Capital Beat: Where in the world is Gov. Chris Sununu? 

  • New Hampshire Gov. Chris Sununu (left) and Quebec Premier Philippe Couillard speak to the audience at a foreign relations luncheon Monday in Montreal. Sununu was in Quebec to discuss the economic relationship between New Hampshire and Canada, and meet with business, political and community leaders. Ryan Remiorz / The Canadian Press via AP

  • New Hampshire Gov. Chris Sununu, left, greets Quebec Premier Philippe Couillard after being introduced at a foreign relations luncheon Monday, March 20, 2017 in Montreal. Sununu is in Quebec to discuss the economic relationship between the two and meet with business, political and community leaders.(Ryan Remiorz/The Canadian Press via AP)

  • New Hampshire Gov. Chris Sununu, left, and Quebec Premier Philippe Couillard speak to the audience at a foreign relations luncheon, Monday, March 20, 2017 in Montreal. Sununu is in Quebec to discuss the economic relationship between the two and meet with business, political and community leaders.(Ryan Remiorz/The Canadian Press via AP)

Monitor staff
Published: 3/25/2017 5:49:14 PM

When former-Gov. Maggie Hassan traveled outside New Hampshire, the state Republican party almost always had something to say about it.

The party filed right-to-know requests seeking Hassan’s monthly travel schedule and questioned whether she was properly alerting the Senate president, who takes over in the governor’s absence.

Last week, Republican Gov. Chris Sununu left the state twice; once to visit Canada, his first international trip since taking office, and then for an overnight in Washington D.C. But the public hardly got wind of either.

Sununu didn’t make the public aware he was in another country until the morning of his meeting with the Quebec Premier, leaving residents and the press no time to get there and hear his remarks, which included another push for Northern Pass.

He jetted down to Washington D.C. on Wednesday night for a “private non-political event,” which his office declined to further explain. He capped off the visit by meeting with his predecessor – now U.S. Sen. Maggie Hassan. A press release sent out by his office that morning was the first public notice he was out of the state.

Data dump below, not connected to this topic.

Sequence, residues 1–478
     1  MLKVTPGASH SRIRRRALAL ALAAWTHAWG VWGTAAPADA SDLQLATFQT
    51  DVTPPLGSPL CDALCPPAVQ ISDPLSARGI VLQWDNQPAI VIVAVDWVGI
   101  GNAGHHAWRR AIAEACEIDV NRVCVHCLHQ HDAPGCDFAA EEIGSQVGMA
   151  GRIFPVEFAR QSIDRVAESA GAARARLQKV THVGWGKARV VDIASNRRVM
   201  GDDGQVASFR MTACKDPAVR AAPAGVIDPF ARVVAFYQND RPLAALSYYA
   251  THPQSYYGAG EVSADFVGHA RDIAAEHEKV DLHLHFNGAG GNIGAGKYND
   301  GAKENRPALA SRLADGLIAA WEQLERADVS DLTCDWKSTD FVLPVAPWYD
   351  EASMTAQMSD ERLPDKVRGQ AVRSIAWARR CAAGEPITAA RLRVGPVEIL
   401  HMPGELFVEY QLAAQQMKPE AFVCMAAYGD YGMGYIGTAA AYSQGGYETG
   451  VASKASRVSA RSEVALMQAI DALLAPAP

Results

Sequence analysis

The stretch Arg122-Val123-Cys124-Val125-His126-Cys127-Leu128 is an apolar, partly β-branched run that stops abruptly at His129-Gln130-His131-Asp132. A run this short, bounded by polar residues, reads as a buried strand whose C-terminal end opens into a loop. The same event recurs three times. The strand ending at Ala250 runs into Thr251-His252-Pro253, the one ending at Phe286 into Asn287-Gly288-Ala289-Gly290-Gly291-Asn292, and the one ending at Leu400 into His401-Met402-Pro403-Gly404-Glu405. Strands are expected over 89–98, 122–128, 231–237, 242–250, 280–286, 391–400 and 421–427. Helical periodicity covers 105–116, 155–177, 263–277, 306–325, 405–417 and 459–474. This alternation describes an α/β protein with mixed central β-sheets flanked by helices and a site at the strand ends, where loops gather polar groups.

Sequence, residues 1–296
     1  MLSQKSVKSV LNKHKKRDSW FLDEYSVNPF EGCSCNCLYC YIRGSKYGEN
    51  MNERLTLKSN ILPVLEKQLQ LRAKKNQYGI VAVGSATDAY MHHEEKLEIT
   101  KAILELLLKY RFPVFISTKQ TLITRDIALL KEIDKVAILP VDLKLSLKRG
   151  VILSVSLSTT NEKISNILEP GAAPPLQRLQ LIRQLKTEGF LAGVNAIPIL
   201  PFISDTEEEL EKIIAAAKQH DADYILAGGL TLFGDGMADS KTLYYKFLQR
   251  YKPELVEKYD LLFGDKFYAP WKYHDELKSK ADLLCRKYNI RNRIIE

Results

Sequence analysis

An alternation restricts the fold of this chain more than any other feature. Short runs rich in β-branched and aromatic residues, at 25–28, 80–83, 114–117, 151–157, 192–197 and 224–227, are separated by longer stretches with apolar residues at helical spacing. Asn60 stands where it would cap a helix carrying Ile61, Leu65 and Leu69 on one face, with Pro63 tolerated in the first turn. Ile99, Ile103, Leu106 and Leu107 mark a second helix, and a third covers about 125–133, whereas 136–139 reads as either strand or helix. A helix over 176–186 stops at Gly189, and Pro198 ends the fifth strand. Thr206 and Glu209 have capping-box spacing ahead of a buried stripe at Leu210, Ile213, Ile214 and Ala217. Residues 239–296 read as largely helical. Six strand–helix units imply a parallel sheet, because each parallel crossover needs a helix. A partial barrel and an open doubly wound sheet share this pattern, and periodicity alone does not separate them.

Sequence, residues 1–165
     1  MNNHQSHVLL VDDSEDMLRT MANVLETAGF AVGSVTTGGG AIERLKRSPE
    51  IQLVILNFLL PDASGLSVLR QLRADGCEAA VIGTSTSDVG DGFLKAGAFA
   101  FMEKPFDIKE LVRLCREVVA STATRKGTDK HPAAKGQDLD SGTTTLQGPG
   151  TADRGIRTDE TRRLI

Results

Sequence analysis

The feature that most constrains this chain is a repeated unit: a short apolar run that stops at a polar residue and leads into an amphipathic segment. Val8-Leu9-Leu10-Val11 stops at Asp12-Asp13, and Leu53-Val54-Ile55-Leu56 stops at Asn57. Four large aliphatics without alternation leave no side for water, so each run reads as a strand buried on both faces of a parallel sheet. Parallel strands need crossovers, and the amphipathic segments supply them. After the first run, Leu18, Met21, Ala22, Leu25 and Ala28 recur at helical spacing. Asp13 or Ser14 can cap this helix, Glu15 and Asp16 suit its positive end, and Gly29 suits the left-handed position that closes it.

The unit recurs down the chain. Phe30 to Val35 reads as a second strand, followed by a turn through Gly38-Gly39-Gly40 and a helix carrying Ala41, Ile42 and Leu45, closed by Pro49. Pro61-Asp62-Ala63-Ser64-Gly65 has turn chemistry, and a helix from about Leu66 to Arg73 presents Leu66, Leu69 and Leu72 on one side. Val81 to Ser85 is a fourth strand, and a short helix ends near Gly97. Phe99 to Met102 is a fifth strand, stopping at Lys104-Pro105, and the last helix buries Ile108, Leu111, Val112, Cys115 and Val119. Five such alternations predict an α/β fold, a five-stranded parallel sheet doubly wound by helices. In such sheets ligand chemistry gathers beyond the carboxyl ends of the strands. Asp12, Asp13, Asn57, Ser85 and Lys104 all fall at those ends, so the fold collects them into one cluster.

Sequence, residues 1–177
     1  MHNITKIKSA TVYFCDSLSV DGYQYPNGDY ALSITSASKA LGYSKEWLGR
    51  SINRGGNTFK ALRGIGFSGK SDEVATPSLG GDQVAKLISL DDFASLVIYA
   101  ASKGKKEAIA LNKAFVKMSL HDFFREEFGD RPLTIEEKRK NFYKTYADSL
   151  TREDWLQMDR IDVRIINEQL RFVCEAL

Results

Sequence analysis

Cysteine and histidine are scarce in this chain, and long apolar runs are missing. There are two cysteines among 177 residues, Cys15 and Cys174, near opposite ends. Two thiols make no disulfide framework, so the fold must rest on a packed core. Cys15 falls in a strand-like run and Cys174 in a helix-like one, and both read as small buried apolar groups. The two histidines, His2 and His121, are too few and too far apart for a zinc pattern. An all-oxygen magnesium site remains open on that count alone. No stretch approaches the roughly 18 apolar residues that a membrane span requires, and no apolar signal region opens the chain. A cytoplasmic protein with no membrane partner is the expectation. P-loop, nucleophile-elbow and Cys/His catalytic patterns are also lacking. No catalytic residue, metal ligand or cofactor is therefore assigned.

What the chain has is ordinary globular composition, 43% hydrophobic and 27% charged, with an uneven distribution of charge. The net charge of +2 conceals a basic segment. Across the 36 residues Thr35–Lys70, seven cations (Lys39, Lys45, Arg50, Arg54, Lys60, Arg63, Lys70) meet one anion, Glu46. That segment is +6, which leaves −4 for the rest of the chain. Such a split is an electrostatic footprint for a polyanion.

Facing a question from reporters last week, Sununu denied the late notice on Canada was intentional to avoid press or public scrutiny.

“I am not worried about headlines,” he said. “If we could have given more notice – the schedule was quiet fluid up until the end.”

It’s not clear when the meeting with Hassan came together.

Senate President Chuck Morse was aware Sununu would be absent on both occasions, he said.

“The governor should notify me and the public when he is leaving,” said Morise, a Salem Republican. “He’s traveling a lot for the benefit of the state right now.”

But what exactly that means is not clear because neither Morse nor Sununu would say.

Sununu spokesman Dave Abrams wouldn’t describe the “private non-political event,” or say whether Sununu attended as the governor or as a private citizen. He also wouldn’t say whether Sununu made the 24-hour trip to the nation’s capital on taxpayers’ dime, which would be information the public has a right to know.

During his first 100 days in office, Sununu pledged to meet with 100 businesses, which is perhaps what he was up to. Sununu told reporters last Wednesday he went early to Canada, where he got to “meet countless businesses.” The Republican has so far declined to name any companies outright, saying it’s inappropriate to publicly discuss private businesses’s strategies. But the Republican has said he has spoken with companies from China to Massachusetts. Maybe D.C. was the latest stop.

Pay it back

Manchester Mayor Ted Gatsas got ahead of himself in his recent run for governor, and it turned out to be a costly error. The state Democratic party filed a complaint that Gatsas had spent $68,000 in campaign funds he raised specifically for the general election. The problem – Gatsas never made it past the Republican primary. Gatsas is refunding the campaign contributions out of his personal account, he said in a letter sent to the attorney general’s office last week. Must be nice to have $68,000 lying around.

Old v new

Budgets are all about priorities – and this year the fight is shaping up to be one of old versus young.

Sununu, the country’s youngest governor at 42 years old, has prioritized spending that would attract young families with children, such as full-day kindergarten and college scholarship programs. But House budget writers are poised to axe that spending in favor of property tax relief for cities and towns, to help ease the burden on the state’s oldest residents. The average age in that chamber is around 61.

The dueling visions don’t split cleanly along party lines, so much as ones of age. Democrats have long pushed full-day kindergarten funding, and are lining up behind Sununu’s plan. The budget has not made its way to the Senate yet, but the chamber voted 22-1 in favor of full-day kindergarten funding, before laying the policy on the table.

Election time

Merrimack County will likely have two special elections this summer, to fill a vacant Concord House seat and the Senate seat representing Bow, Dunbarton and Hooksett. Democratic Rep. Andy deTreville stepped down, leaving the Concord Ward 9 seat vacant. An election will be held July 18.

The Executive council has a few weeks to name the date for a special election to fill the District 16 Senate seat. Democratic Sen. Scott McGilvray died last week.

Leaving the news

A familiar face in the political scene is stepping back. Josh McElveen is leaving WMUR to take a job with Dartmouth-Hitchcock as Vice President for Communications and Marketing. He starts April 3.

(Allie Morris can be reached at 369-3307 or

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